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Why Join a Support Group?



"One often calms one's grief by recounting it." ~ Pierre Corneille

A recent medical study that examined what suicide survivors found most helpful to their healing, rated  "Talking one-to-one with another suicide survivor" (100%) and participating in a "Suicide grief support group" (94%) as the two most helpful activities for survivors.  Participating in a suicide support group allows you the opportunity to experience both of these activities at once.  

The World Health Organization stresses the importance of self-help support groups for those bereaved by suicide
 
"Suicide survivors report more frequent feelings of responsibility for the death, rejection and abandonment than those who have lost someone from natural causes. Feelings of stigmatization, shame and embarrassment set them apart from those who grieve a non-suicidal death. The survivor is more likely to spend a greater proportion of time pondering on the motives of the person who committed suicide, the question “why” being continually present. The universal assumption that parents are responsible for their children’s actions can also place parents who have lost a child by suicide in a situation of moral and social dilemma. There are more taboos attached to the discussion of suicide than to any other form of death. Those bereaved by suicide often find it very difficult to admit that the death of their loved one was by suicide, and people often feel  talking about the suicide with them. Those bereaved by suicide therefore have less opportunity to talk about their grief than other bereaved people. A support group can assist greatly, as a lack of communication can delay the healing process. 
 
The coming together of those bereaved by suicide can provide the opportunity to be with other people who can really understand, because they have been through the same experience; to gain strength and understanding from the individuals within the group, but also to provide the same to others. 
 
The group can provide: 
    • a sense of community and support; 
    • an empathetic environment and give a sense of belonging when the bereaved person feels disassociated from the rest of the world; 
    • the hope that “normality” can be reached eventually;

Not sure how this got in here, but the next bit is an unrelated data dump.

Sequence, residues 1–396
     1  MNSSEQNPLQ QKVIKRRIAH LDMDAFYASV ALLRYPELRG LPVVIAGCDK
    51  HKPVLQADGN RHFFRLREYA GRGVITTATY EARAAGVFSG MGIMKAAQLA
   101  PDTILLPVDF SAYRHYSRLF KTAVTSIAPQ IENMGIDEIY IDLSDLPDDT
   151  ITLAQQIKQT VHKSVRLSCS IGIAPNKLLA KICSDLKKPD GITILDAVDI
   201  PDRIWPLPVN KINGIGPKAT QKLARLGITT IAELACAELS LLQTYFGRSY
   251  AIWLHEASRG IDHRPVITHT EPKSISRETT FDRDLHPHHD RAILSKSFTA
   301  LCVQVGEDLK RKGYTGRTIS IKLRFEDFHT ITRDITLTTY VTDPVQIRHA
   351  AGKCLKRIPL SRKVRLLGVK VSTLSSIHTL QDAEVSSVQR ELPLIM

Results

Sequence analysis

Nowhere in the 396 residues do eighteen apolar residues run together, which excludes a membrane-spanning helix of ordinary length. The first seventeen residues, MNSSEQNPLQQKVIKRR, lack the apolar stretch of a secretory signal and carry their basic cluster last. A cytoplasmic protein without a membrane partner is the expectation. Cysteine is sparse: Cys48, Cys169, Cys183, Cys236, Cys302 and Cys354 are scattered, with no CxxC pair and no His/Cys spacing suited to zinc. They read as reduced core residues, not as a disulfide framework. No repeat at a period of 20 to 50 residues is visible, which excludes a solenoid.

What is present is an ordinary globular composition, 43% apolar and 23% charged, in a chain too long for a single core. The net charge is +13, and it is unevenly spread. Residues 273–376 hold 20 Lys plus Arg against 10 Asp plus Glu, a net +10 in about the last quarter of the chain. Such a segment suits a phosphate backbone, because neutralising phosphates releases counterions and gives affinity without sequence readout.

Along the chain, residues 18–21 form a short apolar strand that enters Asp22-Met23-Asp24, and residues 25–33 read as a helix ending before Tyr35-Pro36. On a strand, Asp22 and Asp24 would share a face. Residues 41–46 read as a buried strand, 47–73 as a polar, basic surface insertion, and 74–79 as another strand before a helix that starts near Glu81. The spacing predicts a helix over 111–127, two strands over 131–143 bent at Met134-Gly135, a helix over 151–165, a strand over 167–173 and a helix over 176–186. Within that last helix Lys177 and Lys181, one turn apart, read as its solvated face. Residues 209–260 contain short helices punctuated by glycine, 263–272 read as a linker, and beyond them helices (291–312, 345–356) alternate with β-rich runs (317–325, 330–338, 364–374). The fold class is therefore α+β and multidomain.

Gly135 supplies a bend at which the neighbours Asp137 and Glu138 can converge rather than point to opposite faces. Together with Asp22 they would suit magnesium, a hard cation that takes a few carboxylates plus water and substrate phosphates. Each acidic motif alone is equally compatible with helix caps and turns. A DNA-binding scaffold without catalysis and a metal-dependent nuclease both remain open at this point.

• experience in dealing with difficult anniversaries or special occasions; 
    • opportunities to learn new ways of approaching problems; 
    • a sounding board to discuss fears and concerns;  
    • a setting where free expression of grief is acceptable, confidentiality is observed, and compassion and non-judgemental attitudes prevail. 
The group may also take on an educational role, providing information on the grief process, on facts relating to suicide, and on the roles of various health professionals. Another major function is that of empowerment - of providing a positive focus enabling the individuals to regain some control over their lives. One of the most devastating aspects of a suicidal or accidental death is that there is invariably much unfinished business and many unanswered questions, and yet the individual can see no way of resolving the situation. The support of a group can often gradually dissolve the feelings of hopelessness and provide the means whereby control can be regained." 


The American Foundation for Suicide Prevention has the following ideas about attending suicide support groups:
"If you have lost a loved one to suicide, you may find it helpful to connect with others who have also experienced a suicide loss. It can be a relief to talk openly about suicide with people who share a similar experience.

Groups provide a “safe place” where those who have been touched by suicide loss can share their thoughts and feelings, and offer one another support.

What to Expect:
  • It is natural to feel unsure about going to your first support group meeting. It may take a few meetings before you feel comfortable.
  • Some people attend a support group almost immediately after their loss, while others wait for years. Do what you feel is best for you .
  • Some survivors attend regularly for a year or two, then continue to go only occasionally.
  • If you attend a group and feel it’s not right for you, consider trying a different group. We all cope differently and draw strength from different various kinds of support."